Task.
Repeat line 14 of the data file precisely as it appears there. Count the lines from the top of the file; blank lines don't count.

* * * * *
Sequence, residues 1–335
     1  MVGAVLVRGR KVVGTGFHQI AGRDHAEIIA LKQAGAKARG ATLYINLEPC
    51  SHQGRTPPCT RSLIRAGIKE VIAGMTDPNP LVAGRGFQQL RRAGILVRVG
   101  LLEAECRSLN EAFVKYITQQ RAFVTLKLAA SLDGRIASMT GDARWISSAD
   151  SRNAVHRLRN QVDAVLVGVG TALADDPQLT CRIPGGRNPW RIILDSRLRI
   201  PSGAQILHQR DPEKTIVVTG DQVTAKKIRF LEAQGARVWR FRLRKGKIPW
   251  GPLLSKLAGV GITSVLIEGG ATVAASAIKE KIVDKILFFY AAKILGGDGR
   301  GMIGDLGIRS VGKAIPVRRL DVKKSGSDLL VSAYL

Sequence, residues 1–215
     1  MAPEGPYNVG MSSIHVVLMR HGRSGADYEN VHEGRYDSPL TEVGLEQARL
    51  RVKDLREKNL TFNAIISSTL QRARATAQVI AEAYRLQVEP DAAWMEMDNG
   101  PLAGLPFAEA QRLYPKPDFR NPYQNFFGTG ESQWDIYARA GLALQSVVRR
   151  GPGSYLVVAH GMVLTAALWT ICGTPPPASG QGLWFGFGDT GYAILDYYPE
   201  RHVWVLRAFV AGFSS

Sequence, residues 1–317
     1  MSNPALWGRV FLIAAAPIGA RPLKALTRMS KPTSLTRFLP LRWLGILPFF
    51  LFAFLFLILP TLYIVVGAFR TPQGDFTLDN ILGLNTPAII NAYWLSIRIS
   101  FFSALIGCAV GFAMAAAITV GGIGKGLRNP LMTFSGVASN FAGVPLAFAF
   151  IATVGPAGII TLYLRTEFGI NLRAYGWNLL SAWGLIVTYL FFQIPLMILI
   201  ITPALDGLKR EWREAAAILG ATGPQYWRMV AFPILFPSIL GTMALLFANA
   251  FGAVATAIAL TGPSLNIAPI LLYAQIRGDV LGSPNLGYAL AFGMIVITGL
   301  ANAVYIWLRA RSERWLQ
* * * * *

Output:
   201  RHVWVLRAFV AGFSS